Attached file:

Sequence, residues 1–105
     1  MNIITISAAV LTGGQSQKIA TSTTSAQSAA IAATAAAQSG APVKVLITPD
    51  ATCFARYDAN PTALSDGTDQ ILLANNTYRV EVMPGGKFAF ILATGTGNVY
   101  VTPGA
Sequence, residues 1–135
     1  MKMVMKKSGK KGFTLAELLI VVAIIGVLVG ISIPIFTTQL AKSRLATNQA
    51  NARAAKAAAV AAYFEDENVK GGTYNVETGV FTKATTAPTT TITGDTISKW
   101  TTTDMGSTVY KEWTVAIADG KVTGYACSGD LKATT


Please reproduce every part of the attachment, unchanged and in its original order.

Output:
Sequence, residues 1–105
     1  MNIITISAAV LTGGQSQKIA TSTTSAQSAA IAATAAAQSG APVKVLITPD
    51  ATCFARYDAN PTALSDGTDQ ILLANNTYRV EVMPGGKFAF ILATGTGNVY
   101  VTPGA
Sequence, residues 1–135
     1  MKMVMKKSGK KGFTLAELLI VVAIIGVLVG ISIPIFTTQL AKSRLATNQA
    51  NARAAKAAAV AAYFEDENVK GGTYNVETGV FTKATTAPTT TITGDTISKW
   101  TTTDMGSTVY KEWTVAIADG KVTGYACSGD LKATT